In January, NYCHA rolled out a new cyber awareness training program. As part of the program, network users received suspicious email messages known as fake phish and then training assignments from the NYCHA Cyber Awareness Team. The Cyber Awareness Team is led by Information, Security, and Risk’s Chief IT Auditor, Jeffery Benson, and composed of members of the IT Department tasked with keeping NYCHA safe from information security threats.
What are fake phish?
Fake phish resemble phishing emails but are designed to help us learn what to do with real phish. Phishing emails are fraudulent messages that request personal information (e.g., info about credit cards and bank accounts and passwords); they ask you to click on a link or attachment that you should know not to click (because it could unleash a virus or malware).
Why did I get a fake phish?
Cyber Awareness Team member Nina Winer explained, “We sent out the first fake phishing emails in order to get initial metrics on how susceptible we are to opening and clicking on links and attachments. We’ll compare those initial results with our response to fake phish after employees have taken cyber awareness training to see how we’re improving.”
Of the 7,385 fake phish emails that the Cyber Awareness Team sent on January 10, 21 percent of NYCHA network users opened the email and 16 percent opened the email’s attachment.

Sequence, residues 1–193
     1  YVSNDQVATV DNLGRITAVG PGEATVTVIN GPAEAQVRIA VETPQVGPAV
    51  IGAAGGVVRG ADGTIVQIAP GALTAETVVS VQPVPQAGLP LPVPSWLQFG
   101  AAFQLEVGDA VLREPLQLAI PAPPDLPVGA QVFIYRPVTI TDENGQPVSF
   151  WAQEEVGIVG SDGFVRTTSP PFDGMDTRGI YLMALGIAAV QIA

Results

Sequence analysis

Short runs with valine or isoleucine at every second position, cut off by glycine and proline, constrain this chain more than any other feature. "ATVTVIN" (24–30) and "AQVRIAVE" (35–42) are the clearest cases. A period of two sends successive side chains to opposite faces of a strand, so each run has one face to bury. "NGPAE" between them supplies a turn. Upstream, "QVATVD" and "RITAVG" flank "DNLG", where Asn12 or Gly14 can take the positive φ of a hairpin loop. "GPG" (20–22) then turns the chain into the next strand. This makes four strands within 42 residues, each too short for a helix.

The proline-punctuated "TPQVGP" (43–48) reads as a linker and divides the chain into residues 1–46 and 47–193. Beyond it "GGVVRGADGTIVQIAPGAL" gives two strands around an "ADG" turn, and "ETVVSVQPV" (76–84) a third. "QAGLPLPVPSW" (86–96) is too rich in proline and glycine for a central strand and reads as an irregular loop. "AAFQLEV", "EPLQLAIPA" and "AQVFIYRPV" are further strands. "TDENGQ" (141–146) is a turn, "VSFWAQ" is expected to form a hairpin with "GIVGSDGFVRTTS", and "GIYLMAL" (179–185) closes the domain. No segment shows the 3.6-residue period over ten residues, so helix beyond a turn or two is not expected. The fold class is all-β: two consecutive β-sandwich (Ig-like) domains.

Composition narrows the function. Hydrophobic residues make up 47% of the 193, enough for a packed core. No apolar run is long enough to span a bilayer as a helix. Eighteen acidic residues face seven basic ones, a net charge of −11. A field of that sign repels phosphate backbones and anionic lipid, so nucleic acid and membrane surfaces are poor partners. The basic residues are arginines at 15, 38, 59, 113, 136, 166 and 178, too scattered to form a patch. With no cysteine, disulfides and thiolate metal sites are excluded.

Monthly training assignments to keep us safe
NYCHA network users will receive cyber awareness training assignments and fake phishing emails each month. The metrics related to the fake phishing emails will inform the IT Department of NYCHA’s susceptibility to cyber-attacks.
Each cyber awareness training assignment takes only about 10 minutes to complete and is an interactive, engaging way to learn secure behavior.
Want to learn more?
Visit the Cyber Awareness Training Link for all the available cyber awareness training topics, including: social engineering and spear phishing threats, travel security, mobile app security, working with personally identifiable information, passwords, physical security, safer web browsing, safe social networks, security beyond the office, and USB device safety. If you have any questions about the training, please email firstname.lastname@example.org.
Remember, if you receive a suspicious email:
- Contact Information Security & Risk by calling 212-306-8006 or emailing email@example.com.
- Delete the suspicious email from your mailbox without clicking on any hyperlinks or attachments.